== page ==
The Pestle


Ep 206: “Munich” (Spielberg, 2005)

September 20, 2022

We attempt to responsibly discuss Spielberg’s “Munich” and discuss:

  • Cinematography, heightening a moment through contrasting camerawork;
  • Story & Writing, questions being raised, contextualizing the film;
  • and other such stuff and things and stuff.

It has perhaps always been the case that the waging of peace is the hardest form of leadership of all.Queen Elizabeth II

Notes & References:
“The Jaunt” short story by Stephen King (GitHub)
“Once” Pestle episode; “Once” opening scene
Damien Rice “O” (album on YouTube); “Volcano”
NPR article on 50th anniversary of the Munich Olympics
“Shia LaBeouf” Live – Rob Cantor

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This Week’s Recommendations:


  1. Uwe says:

    Great review, thanks guys.

    I agree with what you said about the conflict Eric Bana has about his work, which could at least – since the filmmakers already had the retrospect view – be questionable. In fact, it’s a movie that reminds us subtly about the necessity of due process and the law itself, which are the biggest contributors to peace and freedom.

    You both declared Munich Spielberg’s most serious movie (maybe you used another word but that’s the direction). I would put Lincoln (2012) above that. Gosh, that movie gives you so much insight and realism…about powerlessness and the need to compromise. As Bismarck said: “Laws are like sausages. It is best not to see them being made.” ^^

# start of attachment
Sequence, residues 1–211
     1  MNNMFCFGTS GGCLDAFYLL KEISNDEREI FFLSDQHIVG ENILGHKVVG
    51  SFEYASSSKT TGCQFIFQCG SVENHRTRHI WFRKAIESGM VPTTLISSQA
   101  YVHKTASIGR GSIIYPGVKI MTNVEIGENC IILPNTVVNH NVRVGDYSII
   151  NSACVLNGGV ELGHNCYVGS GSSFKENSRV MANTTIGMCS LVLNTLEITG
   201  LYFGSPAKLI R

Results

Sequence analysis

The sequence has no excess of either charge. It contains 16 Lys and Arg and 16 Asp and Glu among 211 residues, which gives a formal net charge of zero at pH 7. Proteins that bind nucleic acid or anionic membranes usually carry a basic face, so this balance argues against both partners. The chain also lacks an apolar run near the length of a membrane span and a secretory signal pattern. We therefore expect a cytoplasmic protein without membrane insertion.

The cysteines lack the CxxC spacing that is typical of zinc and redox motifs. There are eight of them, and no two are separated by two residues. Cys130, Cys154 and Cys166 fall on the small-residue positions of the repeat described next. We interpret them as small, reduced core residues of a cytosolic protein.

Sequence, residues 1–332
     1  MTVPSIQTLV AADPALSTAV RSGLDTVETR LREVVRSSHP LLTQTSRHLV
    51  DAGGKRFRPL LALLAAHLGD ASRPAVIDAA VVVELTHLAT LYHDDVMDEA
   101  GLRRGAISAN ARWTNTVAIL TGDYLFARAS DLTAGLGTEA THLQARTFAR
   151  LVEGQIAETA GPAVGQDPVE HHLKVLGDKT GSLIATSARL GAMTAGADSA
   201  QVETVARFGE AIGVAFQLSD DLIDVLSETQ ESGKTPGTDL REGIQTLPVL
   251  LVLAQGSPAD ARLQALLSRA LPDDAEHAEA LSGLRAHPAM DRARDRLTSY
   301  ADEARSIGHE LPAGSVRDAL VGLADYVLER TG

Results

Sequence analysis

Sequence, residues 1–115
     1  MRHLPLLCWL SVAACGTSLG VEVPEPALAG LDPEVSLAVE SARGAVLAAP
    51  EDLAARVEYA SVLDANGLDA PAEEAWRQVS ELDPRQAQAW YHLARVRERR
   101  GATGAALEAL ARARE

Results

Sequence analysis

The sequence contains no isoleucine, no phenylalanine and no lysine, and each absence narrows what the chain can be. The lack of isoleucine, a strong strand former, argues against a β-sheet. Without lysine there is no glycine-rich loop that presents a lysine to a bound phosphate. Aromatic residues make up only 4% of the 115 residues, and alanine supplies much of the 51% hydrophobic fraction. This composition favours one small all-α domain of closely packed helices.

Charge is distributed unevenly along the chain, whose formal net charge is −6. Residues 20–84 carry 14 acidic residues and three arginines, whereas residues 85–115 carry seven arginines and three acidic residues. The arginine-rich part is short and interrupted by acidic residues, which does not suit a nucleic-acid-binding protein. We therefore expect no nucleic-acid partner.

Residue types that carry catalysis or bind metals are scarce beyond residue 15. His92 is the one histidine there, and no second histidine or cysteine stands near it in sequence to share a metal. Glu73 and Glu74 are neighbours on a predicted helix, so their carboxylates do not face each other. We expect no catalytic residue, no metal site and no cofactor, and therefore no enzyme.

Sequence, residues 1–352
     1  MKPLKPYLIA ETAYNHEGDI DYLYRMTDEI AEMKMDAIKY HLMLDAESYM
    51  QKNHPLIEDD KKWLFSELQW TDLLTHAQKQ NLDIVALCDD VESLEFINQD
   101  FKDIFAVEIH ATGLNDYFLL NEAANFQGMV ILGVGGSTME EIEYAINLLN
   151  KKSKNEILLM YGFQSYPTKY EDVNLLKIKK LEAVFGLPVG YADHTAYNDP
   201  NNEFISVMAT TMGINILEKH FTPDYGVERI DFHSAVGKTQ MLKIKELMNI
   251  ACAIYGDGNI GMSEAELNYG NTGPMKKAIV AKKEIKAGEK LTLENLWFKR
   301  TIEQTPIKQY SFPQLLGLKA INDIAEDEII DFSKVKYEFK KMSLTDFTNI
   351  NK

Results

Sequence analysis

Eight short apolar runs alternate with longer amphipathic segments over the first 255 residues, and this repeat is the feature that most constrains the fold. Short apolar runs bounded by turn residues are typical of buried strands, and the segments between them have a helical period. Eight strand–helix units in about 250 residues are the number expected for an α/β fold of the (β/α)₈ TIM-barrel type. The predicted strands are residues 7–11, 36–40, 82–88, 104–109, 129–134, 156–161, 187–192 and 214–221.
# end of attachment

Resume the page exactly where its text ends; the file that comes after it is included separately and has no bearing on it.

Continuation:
Both Munich’s and Lincoln’s messages seems to be “to strengthen the moderates”, in very different ways, though: the first in catharsis of the “villain” and the latter by political tactics, which seems to be the even more problematic way regarding the political system nowadays, even since 2012.

    Can’t wait for Crusade…and maybe the Fabelmans one day.

    1. wes says:

      Yesss! Love your observation about the importance of due process and the law. Big foundational contributors to peace and freedom, and entirely subverted by these kinds of actions, which obviously seem to produce less peace and freedom.

      You may be right about Lincoln being more serious, unfortunately that was the hardest Spielberg film for me to get through, even though Daniel Day-Lewis is excellent and it’s a story worth telling. But maybe time for me to revisit it with fresh eyes! I’d also put The Post and Bridge of Spies in that conversation about his serious films, though not quite as stoic as Lincoln. I did love The Post though, but I’m a sucker for Ellsberg’s story, so that’s a layup lol.

      That’s a fascinating takeaway that I hadn’t considered at all. “Strengthen the moderates” would be a great great direction for the political system to go nowadays, and agreed, even since 2012.

      1. Uwe says:

        You’re absolutely right, The Post and Bridge of Spies belong in there, too. Both with beautiful performances of Tom Hanks and Jesse Plemmons who – in the meantime – has arrived which is great to see. The introduction scene of Tom hanks in that business club where he discusses the outcome of the car accident is actually an unsolved discussion to this day in the insurance business regarding when an incident is one or are more events (9/11 as the most prominent example of that). This scene is so well executed and so thoughtful – a real masterpiece (and the movie doesn’t get any better after this^^).

        The Post on the other hand is a gem in its entirety. Just mentioning it makes me wanna rewatch it right now which I’m going to do…

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